Beyond the tourist traps, Latin America has plenty of amazing beach towns.
Our countries are well known for their incredible beaches, all of which are made better by amazing food and welcoming communities.
According to a recent study, US travelers' favorite beach destinations in Latin America are Cancún and San José del Cabo in Mexico, and Punta Cana in the Dominican Republic.
But with over 15,800 miles of coastline, there is so much more to see and experience than just the popular tourist hot spots.
With that in mind, here are some of the most underrated beach towns in Latin America.
Playa Maderas, Nicaragua
A busy spot popular with local surfers, Playa Maderas is one of the prettiest beaches in Nicaragua.
Just north of San Juan del Sur, Nicas know and love it for its scenery and vibesy atmosphere that also attracts a veritable crowd of holidaymakers, and digital nomads alike.
Although the beach is only accessible via a bumpy dirt road, it is well worth it if you feel like catching a wave with locals – or getting a lesson from them.
It's also just about the best place to simply soak up the sun while snacking on tostones and Toña.
Bocas del Toro, Panamá
Comprising seven islands off the northwest coast of Panamá, as well as a section of mainland, Bocas del Toro offers visitors a superb two-in-one combo: beautiful Caribbean beaches and some of the most biodiverse rainforests in Central America.
Of the islands, Isla Colón is probably the most popular (and most populous). Here, visitors can visit Starfish Beach to see the fascinating sea creatures during the day and head to the "big city" (Bocas Town) after sunset to experience the vibrant culture and delicious food.
For something a bit more laid-back, try Isla Bastimentos – a smaller, rural island close by.
A ten-minute water taxi ride from Isla Colón it is well worth a visit for its pretty beaches, including Wizard Beach, which is reached via a lush jungle path, and Red Frog Beach, where visitors will also find a popular local bar.
Cahuita, Costa Rica
About four hours' drive from Costa Rica's capital, San José, Cahuita is a favorite beach destination for Ticos where they can choose between the black-sand beaches of Playa Negra or the white-sand beaches and coral reefs of Playa Blanca.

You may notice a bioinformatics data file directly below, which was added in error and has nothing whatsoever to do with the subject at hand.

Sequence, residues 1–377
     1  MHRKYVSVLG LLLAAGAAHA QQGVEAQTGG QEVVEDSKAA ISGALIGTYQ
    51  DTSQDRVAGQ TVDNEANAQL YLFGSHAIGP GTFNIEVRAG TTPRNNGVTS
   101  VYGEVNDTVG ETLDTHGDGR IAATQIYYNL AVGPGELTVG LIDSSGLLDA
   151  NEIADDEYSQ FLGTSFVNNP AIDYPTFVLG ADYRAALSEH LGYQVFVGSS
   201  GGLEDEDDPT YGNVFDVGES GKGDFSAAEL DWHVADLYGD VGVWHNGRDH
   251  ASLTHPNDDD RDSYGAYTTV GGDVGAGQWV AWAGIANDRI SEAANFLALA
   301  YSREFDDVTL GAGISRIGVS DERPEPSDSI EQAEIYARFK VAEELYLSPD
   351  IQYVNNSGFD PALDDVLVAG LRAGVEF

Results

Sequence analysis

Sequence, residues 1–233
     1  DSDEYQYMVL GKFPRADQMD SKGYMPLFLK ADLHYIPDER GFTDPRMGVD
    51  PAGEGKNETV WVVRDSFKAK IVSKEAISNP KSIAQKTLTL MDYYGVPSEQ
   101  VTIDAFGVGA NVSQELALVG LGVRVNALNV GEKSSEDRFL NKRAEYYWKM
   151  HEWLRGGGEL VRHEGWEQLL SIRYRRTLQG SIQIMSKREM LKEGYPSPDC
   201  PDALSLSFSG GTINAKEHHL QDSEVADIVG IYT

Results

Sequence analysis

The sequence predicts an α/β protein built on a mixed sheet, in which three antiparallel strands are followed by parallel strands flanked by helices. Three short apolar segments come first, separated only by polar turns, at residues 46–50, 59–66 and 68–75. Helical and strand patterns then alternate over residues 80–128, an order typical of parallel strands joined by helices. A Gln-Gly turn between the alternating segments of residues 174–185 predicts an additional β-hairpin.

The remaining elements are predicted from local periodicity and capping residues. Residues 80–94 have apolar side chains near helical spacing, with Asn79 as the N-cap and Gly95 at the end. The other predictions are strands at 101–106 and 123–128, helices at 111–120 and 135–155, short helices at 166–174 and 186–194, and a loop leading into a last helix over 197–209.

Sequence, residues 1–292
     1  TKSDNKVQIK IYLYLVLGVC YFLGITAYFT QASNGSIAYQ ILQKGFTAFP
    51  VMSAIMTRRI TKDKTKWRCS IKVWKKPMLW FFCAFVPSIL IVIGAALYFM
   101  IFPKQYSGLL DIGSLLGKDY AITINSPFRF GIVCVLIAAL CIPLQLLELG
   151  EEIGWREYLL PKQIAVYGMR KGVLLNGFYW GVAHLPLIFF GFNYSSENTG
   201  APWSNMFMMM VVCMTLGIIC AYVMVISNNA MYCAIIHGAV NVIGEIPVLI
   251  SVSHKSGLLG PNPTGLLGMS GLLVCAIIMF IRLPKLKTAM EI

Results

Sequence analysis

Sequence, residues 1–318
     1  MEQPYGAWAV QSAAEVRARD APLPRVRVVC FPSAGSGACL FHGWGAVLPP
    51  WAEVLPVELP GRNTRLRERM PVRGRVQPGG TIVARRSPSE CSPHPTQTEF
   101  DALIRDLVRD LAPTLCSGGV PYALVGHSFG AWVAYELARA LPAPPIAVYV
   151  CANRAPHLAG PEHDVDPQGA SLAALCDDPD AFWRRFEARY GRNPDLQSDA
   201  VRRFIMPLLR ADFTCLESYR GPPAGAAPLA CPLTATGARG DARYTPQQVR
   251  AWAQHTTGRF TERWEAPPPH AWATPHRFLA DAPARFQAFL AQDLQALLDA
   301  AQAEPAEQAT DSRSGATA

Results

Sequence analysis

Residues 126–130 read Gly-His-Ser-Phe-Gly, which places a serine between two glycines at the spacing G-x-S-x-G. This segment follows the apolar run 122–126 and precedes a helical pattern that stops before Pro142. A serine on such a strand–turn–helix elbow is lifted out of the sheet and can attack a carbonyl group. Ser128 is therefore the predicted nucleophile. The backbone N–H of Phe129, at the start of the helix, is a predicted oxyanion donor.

The low-key beach town has not lost any of its charms to commercial ventures yet and visitors can experience real island life here.
It's also the best place to taste the unique Afro-Caribbean cuisine of the region. Especially the dessert crepes made with local fruit at the local cafés.
Tobacco Caye, Belize
A tiny caya in Belize shaped like a yam, Tobacco Caye is home to about 25 Belizeans on any given day, give or take a few tourists.
Often considered the "other" Belize, the island has no nightlife or fancy resorts – just a few brightly coloured bungalows, sandy shores, palm beaches and turquoise waters.
Oh, and the best scuba diving for miles around.
Manuel Antonio, Costa Rica
Manuel Antonio is another beach spot popular with Ticos.
That's because the Manuel Antonio National Park offers four beautiful unspoilt beaches with none of the tourist traps that have popped up nearby.
It's the perfect place for a fun day in the sun, lounging under swaying palm trees and frolicking in the emerald water. And because the park's beaches have visitor limits, it is never too busy.
The four beaches are linked with hiking trails that offer some pretty fantastic scenery. Closest to the entrance is Playa Espadilla Sur. It's the largest beach in the park and fringed with rainforest. Next is Playa Manuel Antonio, a favorite spot for families with small children, and more to the North of the park, Playa Las Gemelas – a tiny, secluded beach.
Playa Esmeralda, Honduras
With coastlines on both the Caribbean Sea and the Pacific Ocean, visitors to Honduras are spoilt for choice when it comes to beach destinations.
One of the most popular beaches with Catrachos though is Playa Esmeralda. With its characteristic Caribbean vibe, soft golden sand and glittering, calm waters, it is the perfect spot for a beach day.
Plus, there are plenty of little cafés around and loads of water-sport activities, such as scuba diving, snorkeling and parasailing, on offer.